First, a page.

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post #16 of Old 10-12-2012
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Re: Foul Weather Gear

There are two key things to consider and several secondary things. High tech and low tech solutions are available.

To stay happy, you need to remain warm and dry. Use layered clothing to obtain warmth. The colder it is, the more layers you'll need. Just my preference - cotton or silk layer on the skin, followed with cotton or cotton/synthetic blend shirt/pants, followed by wool or synthethtic light fleece or sweater, followed by coat liner, with a water-resistant top layer (coat). If really cold, you can double up some or all layers. Same layered approach to feet torso and legs. To stay as dry as possible, you'll need to both repel water (rain/spray) and wick your perspiration away from your skin. Having that wool or hi-tech synthetic layer will help retain heat even when that layer gets wet. On the outer coat, take care that the openings for your hands and head don't allow too much water to get in and that the zippers, pocketss, etc. don't let the water sneak in. The top layer needs to be baggy enough to cover all these layers. Keep all the layers loose except perhaps the layer on your skin.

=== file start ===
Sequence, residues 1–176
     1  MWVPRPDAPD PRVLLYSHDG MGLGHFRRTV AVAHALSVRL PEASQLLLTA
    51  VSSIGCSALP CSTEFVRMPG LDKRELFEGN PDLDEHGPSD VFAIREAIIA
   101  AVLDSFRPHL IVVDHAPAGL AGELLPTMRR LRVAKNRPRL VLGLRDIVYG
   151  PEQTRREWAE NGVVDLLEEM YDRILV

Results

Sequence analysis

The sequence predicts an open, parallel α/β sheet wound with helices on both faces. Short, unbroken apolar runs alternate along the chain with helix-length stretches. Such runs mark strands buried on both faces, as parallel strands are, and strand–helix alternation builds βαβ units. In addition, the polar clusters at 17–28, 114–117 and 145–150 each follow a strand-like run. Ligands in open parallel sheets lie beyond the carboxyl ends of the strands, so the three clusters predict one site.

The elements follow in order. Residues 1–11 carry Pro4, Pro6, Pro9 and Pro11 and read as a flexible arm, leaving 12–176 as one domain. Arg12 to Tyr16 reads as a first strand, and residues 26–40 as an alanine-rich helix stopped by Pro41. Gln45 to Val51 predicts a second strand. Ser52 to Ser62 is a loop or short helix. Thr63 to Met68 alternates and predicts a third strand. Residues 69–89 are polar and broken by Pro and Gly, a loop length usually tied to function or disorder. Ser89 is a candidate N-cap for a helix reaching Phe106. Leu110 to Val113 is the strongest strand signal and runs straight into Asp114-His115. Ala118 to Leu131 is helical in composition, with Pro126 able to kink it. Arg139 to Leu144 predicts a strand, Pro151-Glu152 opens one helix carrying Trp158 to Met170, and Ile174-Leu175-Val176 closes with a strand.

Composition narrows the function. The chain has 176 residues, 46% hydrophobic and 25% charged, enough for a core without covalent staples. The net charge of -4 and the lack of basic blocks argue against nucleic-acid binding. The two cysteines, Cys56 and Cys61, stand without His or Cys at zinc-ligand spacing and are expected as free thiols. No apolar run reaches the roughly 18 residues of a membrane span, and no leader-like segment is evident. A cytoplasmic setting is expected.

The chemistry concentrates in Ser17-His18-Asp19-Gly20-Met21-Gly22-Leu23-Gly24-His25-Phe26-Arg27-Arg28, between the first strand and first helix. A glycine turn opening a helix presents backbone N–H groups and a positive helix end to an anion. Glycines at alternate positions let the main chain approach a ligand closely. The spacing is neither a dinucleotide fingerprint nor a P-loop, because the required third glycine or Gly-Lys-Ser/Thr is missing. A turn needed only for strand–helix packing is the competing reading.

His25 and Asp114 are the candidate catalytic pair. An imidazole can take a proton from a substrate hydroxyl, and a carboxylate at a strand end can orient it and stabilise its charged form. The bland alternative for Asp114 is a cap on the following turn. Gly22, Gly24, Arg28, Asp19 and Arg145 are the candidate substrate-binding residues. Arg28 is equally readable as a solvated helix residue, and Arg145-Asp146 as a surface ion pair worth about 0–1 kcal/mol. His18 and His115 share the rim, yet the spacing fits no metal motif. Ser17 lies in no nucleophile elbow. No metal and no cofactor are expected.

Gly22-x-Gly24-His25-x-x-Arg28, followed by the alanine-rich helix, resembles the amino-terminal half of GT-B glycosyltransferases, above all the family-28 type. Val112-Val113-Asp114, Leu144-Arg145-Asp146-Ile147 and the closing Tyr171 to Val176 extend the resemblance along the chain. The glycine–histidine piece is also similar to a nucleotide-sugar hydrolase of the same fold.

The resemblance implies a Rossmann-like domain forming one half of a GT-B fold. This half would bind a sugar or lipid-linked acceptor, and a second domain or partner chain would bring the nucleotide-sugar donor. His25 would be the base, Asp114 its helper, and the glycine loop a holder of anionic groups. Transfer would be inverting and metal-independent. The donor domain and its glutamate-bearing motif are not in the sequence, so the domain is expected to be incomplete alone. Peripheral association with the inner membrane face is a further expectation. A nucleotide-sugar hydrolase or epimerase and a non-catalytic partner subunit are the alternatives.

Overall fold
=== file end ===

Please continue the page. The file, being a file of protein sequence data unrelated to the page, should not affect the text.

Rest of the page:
Warm and dry are essential. Other things to consider:

-- Does the outer coat's hood keep water out and allow you good visability? Some hoods are useless or block your field of view too much.
-- Can you access pockets, adjusting straps, zippers, etc. without compromising the whole set up? Outer gear with exterior as well as interior pockets work well.
-- Can you get out of the gear to use the head, change a t-shirt, etc, fairly quickly?
-- Is the gear dual use? I don't want hot weather gear and cold weather gear. Rather have rain gear that works in warm weather that I can layer underneath for cold weather service.

We've spent our money on good qualit, lighter outer layer components - top coat, bibs, good boots and we use Goodwill items to make up all the rest of the layers.

Warm and dry

[/B]S/V Wind Orchid
Catalina 350 (hull# 273)
Annapolis, MD

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